Education Hurts Your Ovaries?!August 10, 2011
There was a time in this nation when people believed that if women went to college, it would adversely affect their ability to have children. As silly as that notion seems now, it’s worth remembering that this was once a normal fear about women and education. Although that belief is no longer widespread in our culture — thanks in part to AAUW’s trailblazing 1885 research report, Health Statistics of Women College Graduates — gender bias continues to hamper women’s advancement in certain fields even today.
AAUW explored that issue in the 2010 report Why So Few? Women in Science, Technology, Engineering, and Mathematics (STEM). The report sparked important dialogue at the United Nations, in the federal government, and in the media. Astronaut and pioneer Sally Ride even referenced the report on NPR .
While the popularity of the report was extraordinary, with 15,000-plus copies distributed and nearly 170,000 page views or downloads in 2010 alone, it’s equally gratifying to see the conversation continue more than a year later. A Boston Globe editorial declared that progress is happening since girls took the top prizes in all three age groups at the first-ever Google Science Fair, yet it also stated that “for now, the Google winners’ success isn’t indicative of the overall situation in U.S. high schools and colleges. As the American Association of University Women explained … the challenges standing between a more equal state of affairs … remain daunting.” The themes of Why So Few? continue to crop up around the media, letting us know that the report has certainly increased awareness of the issues surrounding the underrepresentation of girls and women in STEM fields.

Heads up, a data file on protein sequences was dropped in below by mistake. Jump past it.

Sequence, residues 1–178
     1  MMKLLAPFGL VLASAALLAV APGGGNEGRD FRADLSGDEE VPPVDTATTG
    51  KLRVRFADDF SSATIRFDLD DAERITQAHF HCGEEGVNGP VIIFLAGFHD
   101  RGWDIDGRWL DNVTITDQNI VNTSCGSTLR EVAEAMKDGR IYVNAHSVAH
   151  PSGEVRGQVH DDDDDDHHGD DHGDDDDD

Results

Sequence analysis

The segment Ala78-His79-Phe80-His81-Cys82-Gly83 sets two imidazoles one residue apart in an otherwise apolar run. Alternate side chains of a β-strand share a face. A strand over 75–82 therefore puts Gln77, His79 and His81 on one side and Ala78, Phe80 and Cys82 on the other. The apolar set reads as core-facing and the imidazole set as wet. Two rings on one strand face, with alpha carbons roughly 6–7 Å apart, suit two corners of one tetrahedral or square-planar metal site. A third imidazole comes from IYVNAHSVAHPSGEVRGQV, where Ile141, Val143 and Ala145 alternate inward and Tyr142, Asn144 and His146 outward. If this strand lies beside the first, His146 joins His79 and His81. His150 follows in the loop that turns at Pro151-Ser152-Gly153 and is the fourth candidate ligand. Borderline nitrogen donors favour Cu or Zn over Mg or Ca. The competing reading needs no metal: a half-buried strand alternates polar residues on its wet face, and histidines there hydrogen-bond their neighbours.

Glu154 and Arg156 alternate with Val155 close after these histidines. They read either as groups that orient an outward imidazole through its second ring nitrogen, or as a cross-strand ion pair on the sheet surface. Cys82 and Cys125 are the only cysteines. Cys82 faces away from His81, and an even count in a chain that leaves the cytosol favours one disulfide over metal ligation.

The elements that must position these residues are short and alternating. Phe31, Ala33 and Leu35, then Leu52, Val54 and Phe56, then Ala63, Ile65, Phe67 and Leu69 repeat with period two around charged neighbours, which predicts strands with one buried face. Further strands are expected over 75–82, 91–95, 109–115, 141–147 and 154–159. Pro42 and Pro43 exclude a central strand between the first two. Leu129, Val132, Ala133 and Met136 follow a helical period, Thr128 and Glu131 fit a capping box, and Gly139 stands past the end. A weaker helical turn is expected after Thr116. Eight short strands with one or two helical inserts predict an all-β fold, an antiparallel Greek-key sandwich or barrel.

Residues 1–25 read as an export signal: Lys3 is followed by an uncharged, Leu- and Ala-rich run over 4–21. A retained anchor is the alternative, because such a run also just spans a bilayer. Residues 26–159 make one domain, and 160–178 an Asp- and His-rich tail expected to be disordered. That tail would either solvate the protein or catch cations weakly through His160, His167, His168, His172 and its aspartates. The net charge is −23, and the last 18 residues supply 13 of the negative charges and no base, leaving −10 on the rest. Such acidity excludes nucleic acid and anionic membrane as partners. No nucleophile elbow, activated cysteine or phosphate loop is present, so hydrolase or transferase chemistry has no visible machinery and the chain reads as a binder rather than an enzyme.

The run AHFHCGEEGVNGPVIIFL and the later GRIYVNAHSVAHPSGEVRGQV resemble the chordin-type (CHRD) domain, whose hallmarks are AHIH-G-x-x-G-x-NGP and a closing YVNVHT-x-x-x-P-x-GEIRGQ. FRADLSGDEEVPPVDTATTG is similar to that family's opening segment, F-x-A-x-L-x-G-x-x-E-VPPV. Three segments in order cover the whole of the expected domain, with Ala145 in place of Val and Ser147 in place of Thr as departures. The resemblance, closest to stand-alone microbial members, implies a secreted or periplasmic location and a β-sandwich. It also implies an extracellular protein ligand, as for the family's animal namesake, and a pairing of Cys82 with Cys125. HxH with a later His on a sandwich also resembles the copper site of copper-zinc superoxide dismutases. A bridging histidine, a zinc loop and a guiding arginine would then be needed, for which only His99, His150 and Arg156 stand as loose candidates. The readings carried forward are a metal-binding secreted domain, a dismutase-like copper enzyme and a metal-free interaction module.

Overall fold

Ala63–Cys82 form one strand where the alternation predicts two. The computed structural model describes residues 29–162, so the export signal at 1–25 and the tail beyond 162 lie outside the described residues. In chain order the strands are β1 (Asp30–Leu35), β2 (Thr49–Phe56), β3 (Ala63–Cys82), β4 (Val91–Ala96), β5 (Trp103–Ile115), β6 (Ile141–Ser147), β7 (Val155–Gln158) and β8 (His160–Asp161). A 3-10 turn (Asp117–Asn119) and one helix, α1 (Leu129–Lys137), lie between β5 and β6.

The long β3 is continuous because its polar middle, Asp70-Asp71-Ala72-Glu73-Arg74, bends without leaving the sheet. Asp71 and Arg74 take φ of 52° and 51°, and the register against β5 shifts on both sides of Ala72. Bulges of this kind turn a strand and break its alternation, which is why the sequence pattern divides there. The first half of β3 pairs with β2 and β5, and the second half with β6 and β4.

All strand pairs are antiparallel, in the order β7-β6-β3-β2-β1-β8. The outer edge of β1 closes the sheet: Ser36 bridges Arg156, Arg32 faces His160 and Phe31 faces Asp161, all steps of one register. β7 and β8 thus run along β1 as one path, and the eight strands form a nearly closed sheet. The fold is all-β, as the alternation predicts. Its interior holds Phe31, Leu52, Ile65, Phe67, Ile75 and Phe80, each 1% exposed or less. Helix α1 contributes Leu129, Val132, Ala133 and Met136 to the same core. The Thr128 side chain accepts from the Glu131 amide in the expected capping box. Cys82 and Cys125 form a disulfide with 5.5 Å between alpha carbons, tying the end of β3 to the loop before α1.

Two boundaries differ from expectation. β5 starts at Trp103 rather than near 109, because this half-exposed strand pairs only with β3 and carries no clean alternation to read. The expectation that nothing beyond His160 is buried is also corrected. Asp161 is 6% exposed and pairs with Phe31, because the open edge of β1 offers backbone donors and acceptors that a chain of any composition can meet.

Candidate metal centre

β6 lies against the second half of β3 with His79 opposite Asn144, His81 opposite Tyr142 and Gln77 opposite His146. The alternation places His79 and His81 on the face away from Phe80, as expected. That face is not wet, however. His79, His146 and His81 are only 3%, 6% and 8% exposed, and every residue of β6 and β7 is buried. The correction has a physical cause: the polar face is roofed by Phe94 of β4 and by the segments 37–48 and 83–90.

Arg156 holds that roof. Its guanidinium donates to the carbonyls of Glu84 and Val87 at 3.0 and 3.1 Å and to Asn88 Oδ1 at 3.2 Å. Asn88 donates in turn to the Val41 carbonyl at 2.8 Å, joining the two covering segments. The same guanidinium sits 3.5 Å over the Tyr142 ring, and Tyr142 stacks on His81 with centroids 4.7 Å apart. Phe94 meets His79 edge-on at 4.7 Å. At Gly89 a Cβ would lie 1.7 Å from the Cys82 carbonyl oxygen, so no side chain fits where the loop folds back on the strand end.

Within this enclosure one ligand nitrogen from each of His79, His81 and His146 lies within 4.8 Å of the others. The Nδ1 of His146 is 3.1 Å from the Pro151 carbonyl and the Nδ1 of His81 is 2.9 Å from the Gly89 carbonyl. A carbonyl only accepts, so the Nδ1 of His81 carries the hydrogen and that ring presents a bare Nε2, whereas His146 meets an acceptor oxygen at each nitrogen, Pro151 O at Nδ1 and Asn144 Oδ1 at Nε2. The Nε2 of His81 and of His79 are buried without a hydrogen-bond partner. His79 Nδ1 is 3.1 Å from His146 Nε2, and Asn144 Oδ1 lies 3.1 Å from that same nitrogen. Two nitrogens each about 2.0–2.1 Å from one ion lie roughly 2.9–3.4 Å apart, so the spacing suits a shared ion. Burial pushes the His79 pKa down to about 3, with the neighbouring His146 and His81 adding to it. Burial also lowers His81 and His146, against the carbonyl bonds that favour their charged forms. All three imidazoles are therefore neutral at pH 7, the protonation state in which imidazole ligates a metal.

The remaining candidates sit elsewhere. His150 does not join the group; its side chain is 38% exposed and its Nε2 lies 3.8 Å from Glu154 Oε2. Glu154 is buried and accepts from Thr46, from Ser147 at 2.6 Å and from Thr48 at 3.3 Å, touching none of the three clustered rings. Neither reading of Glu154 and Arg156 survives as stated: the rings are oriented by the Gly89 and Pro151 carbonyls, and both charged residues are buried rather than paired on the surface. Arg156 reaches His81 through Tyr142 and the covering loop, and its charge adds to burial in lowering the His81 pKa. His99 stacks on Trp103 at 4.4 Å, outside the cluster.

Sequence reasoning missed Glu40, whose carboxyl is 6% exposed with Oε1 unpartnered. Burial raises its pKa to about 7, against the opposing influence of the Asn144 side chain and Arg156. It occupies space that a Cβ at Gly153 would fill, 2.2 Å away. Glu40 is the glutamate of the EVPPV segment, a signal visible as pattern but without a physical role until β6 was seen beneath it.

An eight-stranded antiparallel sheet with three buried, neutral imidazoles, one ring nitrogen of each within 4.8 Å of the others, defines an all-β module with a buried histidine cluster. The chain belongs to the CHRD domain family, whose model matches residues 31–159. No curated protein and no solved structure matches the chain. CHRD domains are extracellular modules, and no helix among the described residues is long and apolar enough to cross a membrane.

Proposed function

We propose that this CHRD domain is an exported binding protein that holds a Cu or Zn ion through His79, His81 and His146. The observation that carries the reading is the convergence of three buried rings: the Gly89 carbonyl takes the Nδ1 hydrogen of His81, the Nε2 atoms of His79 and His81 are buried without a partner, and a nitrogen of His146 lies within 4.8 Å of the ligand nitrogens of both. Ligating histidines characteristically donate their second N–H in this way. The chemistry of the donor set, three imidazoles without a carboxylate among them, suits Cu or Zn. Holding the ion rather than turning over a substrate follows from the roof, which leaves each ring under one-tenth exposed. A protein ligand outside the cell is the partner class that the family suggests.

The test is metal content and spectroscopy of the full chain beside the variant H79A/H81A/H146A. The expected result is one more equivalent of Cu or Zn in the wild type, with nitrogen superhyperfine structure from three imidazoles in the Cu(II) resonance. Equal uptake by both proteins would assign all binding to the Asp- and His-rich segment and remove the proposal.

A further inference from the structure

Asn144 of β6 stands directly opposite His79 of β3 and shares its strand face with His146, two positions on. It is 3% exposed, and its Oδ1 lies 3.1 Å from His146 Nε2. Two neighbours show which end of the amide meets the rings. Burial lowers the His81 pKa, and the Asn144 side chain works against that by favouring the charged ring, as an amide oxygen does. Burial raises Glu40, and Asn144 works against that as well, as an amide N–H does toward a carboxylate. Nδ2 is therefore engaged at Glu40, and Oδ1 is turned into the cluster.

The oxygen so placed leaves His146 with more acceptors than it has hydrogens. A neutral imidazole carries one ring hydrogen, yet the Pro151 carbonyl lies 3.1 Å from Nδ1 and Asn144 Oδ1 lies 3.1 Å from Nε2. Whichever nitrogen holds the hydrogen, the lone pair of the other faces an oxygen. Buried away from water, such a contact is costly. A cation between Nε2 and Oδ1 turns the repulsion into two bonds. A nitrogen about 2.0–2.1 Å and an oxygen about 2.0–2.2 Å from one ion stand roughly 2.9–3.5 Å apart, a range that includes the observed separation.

But there’s no “gone for the summer” sign outside our doors. We are now at work on three new AAUW reports. One will help all of us better understand sexual harassment at school, a second examines opportunities for women in STEM at community colleges, and the third report looks at the effects of student debt on college graduates as they enter the workforce.
We cannot offer too many details at this juncture about the forthcoming research. However, one thing is certain: We will break new ground. The report on sexual harassment among teenagers, for example, will be the first nationally representative study on the topic in 10 years and the first to include cyberharassment. Slated for a fall 2011 release, the report will be a welcome addition to scholarship on bullying — harassment’s better-known cousin.
The two other reports, slated for release in 2012, will be equally relevant and written with the ultimate goal of serving as catalysts for change in the proud AAUW tradition. After all, AAUW’s founding leaders were the ones who commissioned the 1885 study to disprove education’s supposed “harmful effects” on women’s health, and we’re so grateful they did.
This post was written by AAUW Director of Research Catherine Hill.